Respawn’s Medal of Honor VR WWII game is a lot of fun and seriously serious


Medal of Honor: Above and Beyondthe latest in a series dating back to 1999, is a game that breaks with itself.

Developer Respawn Entertainment has created a state-of-the-art virtual reality experience in Medal of Honor: Above and Beyond, with an excellent shooter and an exceptional multiplayer mode. It is associated with a series of documentaries featuring a diverse collection of World War II veterans dealing with past trauma and its impact on history. These vignettes are moving and extremely well done. But they contrast sharply with the game itself, which comes off as campy. While the gameplay is solid overall, the end result is a very mixed message.

Electronic Arts and Respawn have provided media access to Above and beyond last week, and I found the core gameplay a lot of fun. Like other VR shooters, I had weapons taped all over my virtual body – a pistol on my hip, two long guns strapped to my back, and a bandolier of grenades on my chest. The challenge is to feed the various weapons with ammunition through complex hand movements, including inserting magazines and pulling the charging handle before you can fire. Hitting the target is a breeze, with excellent aiming picture available on every weapon and plenty of tracers to walk around in circles. Even the rifles – traditionally a challenge in VR as they require two hands to steady themselves – were surprisingly easy to use.

Image: Respawn Entertainment/Electronic Arts

The multiplayer in particular was a real treat. The closest comparison to the game’s frenetic close-combat action is Rare’s classic shooter GoldenEye 007. Game types include classics like Deathmatch and Team Deathmatch, as well as new, never-before-seen modes, like Mad Bomber, which allows players to plant explosives all over the map. Stumbling upon a time bomb under fire, rushing to find it as bullets whizz past your head, is a thrill.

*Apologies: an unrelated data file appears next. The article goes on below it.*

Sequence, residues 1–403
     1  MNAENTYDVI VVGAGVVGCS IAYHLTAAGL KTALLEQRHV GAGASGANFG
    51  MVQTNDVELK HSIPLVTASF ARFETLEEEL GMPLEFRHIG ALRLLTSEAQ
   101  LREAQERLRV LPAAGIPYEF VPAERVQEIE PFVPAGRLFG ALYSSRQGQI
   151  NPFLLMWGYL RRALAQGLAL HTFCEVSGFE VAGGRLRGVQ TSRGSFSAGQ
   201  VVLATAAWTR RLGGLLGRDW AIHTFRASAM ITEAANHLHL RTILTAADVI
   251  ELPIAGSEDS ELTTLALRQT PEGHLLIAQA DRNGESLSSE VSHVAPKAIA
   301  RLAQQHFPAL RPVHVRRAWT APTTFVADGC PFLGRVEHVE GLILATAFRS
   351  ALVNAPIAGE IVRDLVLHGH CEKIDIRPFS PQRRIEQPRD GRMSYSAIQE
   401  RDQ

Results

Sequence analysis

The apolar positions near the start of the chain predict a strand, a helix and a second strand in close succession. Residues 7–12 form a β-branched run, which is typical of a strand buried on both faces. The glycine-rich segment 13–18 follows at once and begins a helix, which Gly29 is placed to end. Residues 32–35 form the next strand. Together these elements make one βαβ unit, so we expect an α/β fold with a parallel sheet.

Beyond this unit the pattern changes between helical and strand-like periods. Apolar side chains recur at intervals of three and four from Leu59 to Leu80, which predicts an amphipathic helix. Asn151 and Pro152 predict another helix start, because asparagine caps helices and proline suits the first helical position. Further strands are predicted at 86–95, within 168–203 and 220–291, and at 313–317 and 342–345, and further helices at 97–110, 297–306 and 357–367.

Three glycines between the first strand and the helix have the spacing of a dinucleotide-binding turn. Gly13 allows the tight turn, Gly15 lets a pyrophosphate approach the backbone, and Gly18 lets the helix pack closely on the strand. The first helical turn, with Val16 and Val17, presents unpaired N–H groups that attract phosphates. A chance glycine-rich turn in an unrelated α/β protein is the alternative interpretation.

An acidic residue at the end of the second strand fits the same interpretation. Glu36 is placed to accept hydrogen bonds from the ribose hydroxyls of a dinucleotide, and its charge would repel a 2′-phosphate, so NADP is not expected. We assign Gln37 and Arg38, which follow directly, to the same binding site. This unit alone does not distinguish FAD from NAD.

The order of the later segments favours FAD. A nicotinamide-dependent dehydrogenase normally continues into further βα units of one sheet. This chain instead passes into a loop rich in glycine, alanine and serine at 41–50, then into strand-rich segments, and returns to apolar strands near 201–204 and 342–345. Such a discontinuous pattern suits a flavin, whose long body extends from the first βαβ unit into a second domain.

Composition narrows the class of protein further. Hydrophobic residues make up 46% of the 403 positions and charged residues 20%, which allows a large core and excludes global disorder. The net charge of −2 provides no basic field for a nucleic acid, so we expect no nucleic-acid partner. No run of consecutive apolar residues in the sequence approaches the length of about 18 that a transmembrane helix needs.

My only complaint was that the guns themselves didn’t allow combat reloads, allowing you to drop a partially full magazine and replace it while keeping a bullet chambered in the gun. This meant that each reload required an additional action – pulling the charging handle – which tended to slow me down, especially in multiplayer.

The single-player campaign is long – I’d estimate between five and eight hours in all, although I haven’t finished it yet. There are a total of five missions scattered throughout the western front of WWII. As a member of the Office of Strategic Services (OSS), precursor to the Central Intelligence Agency, I began my career by traveling to Normandy to join the French Resistance. This is where I was introduced to the main characters, who have more or less likability.

There’s Manon, the female freedom fighter who’s featured prominently in previous games. Ollie is a young British volunteer who lied about his age to join the army and get revenge on the Nazis for killing his entire family. Juliette is a blonde bombshell who works for the Germans, but is secretly a spy working for the Resistance. She ends up being the damsel in distress during the game’s second mission.

The heaviest character is Sarge, a grizzled army veteran who is your constant companion for much of the game’s second mission. He’s responsible for delivering most of the game’s jokes, which invariably land with a thump. . The voice acting is done with flair and grace, but the actors work with such hokey material that it’s hard not to roll your eyes on occasion – especially when everyone’s gathered around a sand table or ‘a map, chewing the landscape while their legs are firmly locked in place.